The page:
It's taking me forever to get anything done with anything VW related.  I have decided the best use of my time is to focus on projects that result in a significant reduction in the use of storage and garage space.  VW engines are fairly compact packages when built out, but not when strewn about in pieces.  And I think we can all agree that the best storage place for a Karmann Ghia engine is when it's correctly built and installed within its respective car.  So, I'm getting on with it then. Two engines to build.

I next decided to 'warm-up' my engine building skills with Winston's 40 Horse.  When last we checked in on Winston and his 'freshly rebuilt--though seriously ailing' power plant, it had a significant oil leak.  It was misfiring, had an exhaust leak or two, and was just generally unhappy with its lot.  In the three years since then, I've collected a bunch of parts and should have some good options for this rebuild.  As mentioned, I found enough wrong during the main seal replacement with the flywheel and its shims that I decided a complete teardown would be a good idea.  Again, that big puddle of oil developing under the car after each run really drove my decision.  I also felt a little excessive heat, saw a fluttering oil light and some disturbing ping'ing during hard acceleration, even with modest distributor advance.  Made me wonder if the installation of the Mahle 40 Horse Big Bore kit and previous head flycutting resulted in an excessive compression ratio.  Lots of concerns and time to lift the veil of mystery and get my hands dirty to resolve it all.

I chose to use the original heads, case, 180mm flywheel and hardware.  The heads are square boss '65 heads and they cleaned up real nice.  The flywheel was already done.  The case was sent to three different places to check for cracks--with none found.  It was then sent on to RIMCO to again check for cracks, then machine for double thrust cam bearings.  It also got ANOTHER line bore!  Because after 375 miles it needed one!?!?  And that line bore also went along with a custom thrust cut to #1 main bearing.  The lifter bores were surfaced/clearance.  The case already had the inserts for the head studs and cylinder deck seemed ok.  I had RIMCO send along a set of Silverline (#2 steel backed) main bearings and found that they are really, really nice bearings.  Dare I say nicer than the Mahle/Kolbenschmidt bearings I've seen of late?  I was worried about Silverline--but no longer.  Cam bearings are Mahle double thrust, because they were locally sourced at NuVintage.  I chose a set of Bugpack lightweight lifters and a Norris 329S cam, with a Webcam bolt on gear I had laying around.  The pump is a nice old Schadek 21mm.  I found a set of 6mm sealing nuts and a real nice stock cover for it, then blueprinted the pump.  No clearance of the pump body was required, otherwise.  I did have to work over the cam bearings to give the cam a little endplay in the case, but the lifter to lobe clearance was plentiful.  The crank was NOS 64mm.  The rods were the original to the engine, balanced end to end and for total weight.  New pressure place was sourced, because that's what you do.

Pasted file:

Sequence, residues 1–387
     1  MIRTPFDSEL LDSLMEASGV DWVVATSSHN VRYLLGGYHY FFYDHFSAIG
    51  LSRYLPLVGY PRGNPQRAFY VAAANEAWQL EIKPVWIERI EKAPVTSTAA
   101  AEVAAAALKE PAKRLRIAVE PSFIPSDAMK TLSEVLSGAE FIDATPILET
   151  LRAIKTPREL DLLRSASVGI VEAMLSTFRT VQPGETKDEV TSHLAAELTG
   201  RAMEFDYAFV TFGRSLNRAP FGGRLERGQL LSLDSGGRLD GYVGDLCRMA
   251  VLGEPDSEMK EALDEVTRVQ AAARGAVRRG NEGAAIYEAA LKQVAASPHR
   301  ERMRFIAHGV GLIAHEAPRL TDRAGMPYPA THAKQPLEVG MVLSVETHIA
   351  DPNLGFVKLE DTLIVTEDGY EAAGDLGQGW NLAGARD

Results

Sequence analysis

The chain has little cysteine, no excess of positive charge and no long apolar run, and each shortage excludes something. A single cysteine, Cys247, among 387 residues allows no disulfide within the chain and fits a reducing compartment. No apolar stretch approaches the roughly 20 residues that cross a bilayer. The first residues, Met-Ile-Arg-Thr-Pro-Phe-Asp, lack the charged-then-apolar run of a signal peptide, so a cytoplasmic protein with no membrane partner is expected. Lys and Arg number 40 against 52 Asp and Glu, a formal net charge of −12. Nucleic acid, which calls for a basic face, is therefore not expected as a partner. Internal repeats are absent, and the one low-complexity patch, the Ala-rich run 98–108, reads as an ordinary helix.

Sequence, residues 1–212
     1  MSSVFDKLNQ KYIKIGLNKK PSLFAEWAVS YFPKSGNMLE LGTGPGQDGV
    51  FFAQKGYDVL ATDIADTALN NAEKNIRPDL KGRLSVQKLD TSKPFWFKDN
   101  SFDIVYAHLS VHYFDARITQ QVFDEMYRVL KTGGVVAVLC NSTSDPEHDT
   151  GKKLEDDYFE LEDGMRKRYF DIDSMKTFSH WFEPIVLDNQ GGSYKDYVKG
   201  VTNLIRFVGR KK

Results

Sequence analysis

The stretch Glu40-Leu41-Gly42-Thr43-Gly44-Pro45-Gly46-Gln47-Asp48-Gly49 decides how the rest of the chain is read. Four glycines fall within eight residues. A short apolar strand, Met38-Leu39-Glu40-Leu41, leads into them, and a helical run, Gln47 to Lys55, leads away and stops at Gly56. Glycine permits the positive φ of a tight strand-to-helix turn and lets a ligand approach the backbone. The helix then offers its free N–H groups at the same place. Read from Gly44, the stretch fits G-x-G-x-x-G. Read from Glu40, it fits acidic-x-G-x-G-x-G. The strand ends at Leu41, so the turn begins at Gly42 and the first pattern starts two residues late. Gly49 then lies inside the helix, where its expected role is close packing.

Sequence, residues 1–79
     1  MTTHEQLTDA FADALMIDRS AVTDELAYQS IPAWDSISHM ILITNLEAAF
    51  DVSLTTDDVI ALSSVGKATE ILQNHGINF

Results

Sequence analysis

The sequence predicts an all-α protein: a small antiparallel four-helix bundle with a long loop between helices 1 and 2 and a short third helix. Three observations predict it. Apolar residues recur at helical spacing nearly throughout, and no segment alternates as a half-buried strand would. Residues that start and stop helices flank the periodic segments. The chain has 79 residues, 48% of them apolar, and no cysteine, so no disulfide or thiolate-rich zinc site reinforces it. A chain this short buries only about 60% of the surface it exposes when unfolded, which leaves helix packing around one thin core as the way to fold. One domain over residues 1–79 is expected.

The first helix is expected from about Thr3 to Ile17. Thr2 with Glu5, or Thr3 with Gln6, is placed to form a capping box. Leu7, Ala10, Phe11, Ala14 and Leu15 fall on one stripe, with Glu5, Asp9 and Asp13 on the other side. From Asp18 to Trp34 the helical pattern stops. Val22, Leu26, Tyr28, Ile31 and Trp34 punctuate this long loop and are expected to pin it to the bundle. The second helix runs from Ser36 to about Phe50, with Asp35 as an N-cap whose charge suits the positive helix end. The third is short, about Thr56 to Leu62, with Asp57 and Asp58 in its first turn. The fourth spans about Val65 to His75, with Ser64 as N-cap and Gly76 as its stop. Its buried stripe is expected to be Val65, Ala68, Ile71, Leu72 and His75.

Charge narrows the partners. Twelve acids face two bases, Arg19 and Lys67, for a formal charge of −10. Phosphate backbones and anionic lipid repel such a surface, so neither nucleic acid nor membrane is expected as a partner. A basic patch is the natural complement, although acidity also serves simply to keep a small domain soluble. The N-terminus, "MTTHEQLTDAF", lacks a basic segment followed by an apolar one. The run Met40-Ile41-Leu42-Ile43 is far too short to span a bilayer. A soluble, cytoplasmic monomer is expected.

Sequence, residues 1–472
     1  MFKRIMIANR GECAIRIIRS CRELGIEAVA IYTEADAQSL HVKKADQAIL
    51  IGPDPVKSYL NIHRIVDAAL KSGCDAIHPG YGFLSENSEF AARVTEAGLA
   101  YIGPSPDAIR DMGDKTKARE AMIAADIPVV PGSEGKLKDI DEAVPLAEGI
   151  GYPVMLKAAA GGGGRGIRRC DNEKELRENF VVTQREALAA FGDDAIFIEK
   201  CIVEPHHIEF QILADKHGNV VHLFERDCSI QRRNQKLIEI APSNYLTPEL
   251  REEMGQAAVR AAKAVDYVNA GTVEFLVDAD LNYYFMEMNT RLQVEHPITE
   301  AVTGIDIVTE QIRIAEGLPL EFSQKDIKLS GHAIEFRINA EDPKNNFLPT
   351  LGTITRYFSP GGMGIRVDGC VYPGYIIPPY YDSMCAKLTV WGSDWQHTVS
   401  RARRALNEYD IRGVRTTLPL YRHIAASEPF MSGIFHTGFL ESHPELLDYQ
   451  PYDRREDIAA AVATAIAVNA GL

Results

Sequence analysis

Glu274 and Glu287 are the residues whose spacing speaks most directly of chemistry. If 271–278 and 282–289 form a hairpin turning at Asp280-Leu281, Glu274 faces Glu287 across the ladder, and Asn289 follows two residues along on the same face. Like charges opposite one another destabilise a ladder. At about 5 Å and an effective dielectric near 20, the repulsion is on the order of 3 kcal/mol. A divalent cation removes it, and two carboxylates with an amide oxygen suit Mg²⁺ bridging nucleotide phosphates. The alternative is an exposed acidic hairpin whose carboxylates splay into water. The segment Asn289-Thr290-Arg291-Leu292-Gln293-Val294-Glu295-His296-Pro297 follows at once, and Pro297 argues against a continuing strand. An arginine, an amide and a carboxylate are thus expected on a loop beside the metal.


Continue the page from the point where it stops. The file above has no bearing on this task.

I then decided to have the engine parts dynamically balanced, but I made a mistake by not using Denver Balancing for the work.  The shop I used instead found a bent crank pulley, so I had to source one and this turned into a year long inexplicable ordeal to find the correct part and have it powder coated.  The second round of dynamic balancing went well--until I checked the shop's work.  Let's just say that I might as well have not bothered with balancing because their idea of balancing is not mine. and had to fix some of it.  I've got to check and see if Denver Balancing is still in business and use them instead.